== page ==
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End of year financial checklist

It’s that time of year to do an end-of-year review of your finances. A year-end financial checklist is a great tool for understanding your financial position. Having a financial checklist allows you to check your financial progress and develop a mechanism to achieve your financial goals.

An end-of-year financial checklist can help track your financial health in the short term. It helps check which goals you were able to accomplish during the year while serving as the basis to make new goals for the next year.

A yearly financial review is a critical practice to look at the past 12 months and measure your financial discipline. It’s equally as essential to determining what financial milestones you want to reach in the next year.

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What is a year-end financial checklist?

An end-of-year financial checklist is a written set of goals or financial obligations. An annual financial checklist helps you keep in mind your financial goals and responsibilities that must be taken care of during the year. It keeps seasonal financial obligations, such as taxes and important events, top of mind. It encourages you to plan ahead for expenses you’d want to save for such as a vacation, a wedding, an upcoming baby, a home down payment, or a new car.

Before we dive into the end-of-year financial checklist, here is how you can keep your finances in check quarterly, monthly, weekly, and daily.

Daily financial checklist

Checking your mailbox or electronic inbox on a daily basis for any financial statements, bills or other important notices is a must. This will make you aware of anything that you may need to address immediately. It can be tempting to just ignore what you already know is coming, but opening your mail or email as soon as you receive it, may prevent a small inconvenience from turning into a huge and expensive problem down the road.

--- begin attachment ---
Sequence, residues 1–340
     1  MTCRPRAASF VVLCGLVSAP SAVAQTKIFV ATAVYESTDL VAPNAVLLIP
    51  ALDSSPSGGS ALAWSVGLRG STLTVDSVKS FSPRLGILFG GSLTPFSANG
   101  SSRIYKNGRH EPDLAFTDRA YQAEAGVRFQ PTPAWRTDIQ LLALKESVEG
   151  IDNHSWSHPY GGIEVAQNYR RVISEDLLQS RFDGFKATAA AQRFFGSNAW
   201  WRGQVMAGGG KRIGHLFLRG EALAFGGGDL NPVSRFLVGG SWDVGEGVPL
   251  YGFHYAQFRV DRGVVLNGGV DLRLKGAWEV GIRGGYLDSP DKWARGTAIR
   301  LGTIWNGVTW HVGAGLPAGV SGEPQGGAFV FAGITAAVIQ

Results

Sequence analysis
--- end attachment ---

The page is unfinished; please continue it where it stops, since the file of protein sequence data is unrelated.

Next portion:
Keeping daily tabs on your spending is important but doesn’t have to be onerous. A quick glance at your debit and credit card transactions will also alert you to any fraudulent or incorrect charges.

You can check your daily spending by looking at your debit or credit card transactions for the day. Ask yourself:

  • Was it impulsive or intentional spending?
  • Do you regret spending money?
  • What steps can you take to reduce or stop impulse purchases?
  • What will you do differently next time?

We are bombarded with ads every day by businesses attempting to steal from our financial future. Staying on top of our purchases and spending decisions is necessary to avoid impulsive shopping. Asking these simple questions at the time of purchase or the end of each day can minimize the myriad of impulsive useless purchases that are lying in our closets and around the house. It’s an easy way to stay intentional and focus on the things most important to you.

While an end-of-year financial checklist will serve as a reminder of those once a year tasks, don’t forego the daily habits that impact and shape the life we are designing today.

Weekly financial to-dos

Occasionally, you might go out with friends and spend $150 on Sunday brunch, but during the rest of the week, you only spend $50. Weekly spend fluctuates and unexpected expenses can occur. What happens on a week-to-week basis can vary in a month. Nonetheless you want to ensure you always have some extra cash in case an unexpected bill pops up or your friends call you to have dinner. It’s important to review and update your weekly spending plan regularly and make adjustments so your entire month doesn’t get unmanageable.

A simple way to do this is to divide your expenses for the week into non-discretionary expenses (that are a must) and discretionary (those non-essential wants). You can then choose to spend on discretionary expenses such as movies, and subscriptions during the week after you have paid the non-discretionary expenses such as bills and rent.

Monthly Review

At the end of each month take inventory of what’s already happened. Although it’s good to look in the rear view mirror, I’d argue it’s even more important to plan for the month to ahead.

Before the beginning of a new month, create a spending plan for the month and use it as a guide. This plan will help you ensure that you pay your bills on time and use your money efficiently. Look at the previous month’s budget to find areas where you can cut spending. I’d offer that thinking of new and creative ways to earn money is also an option.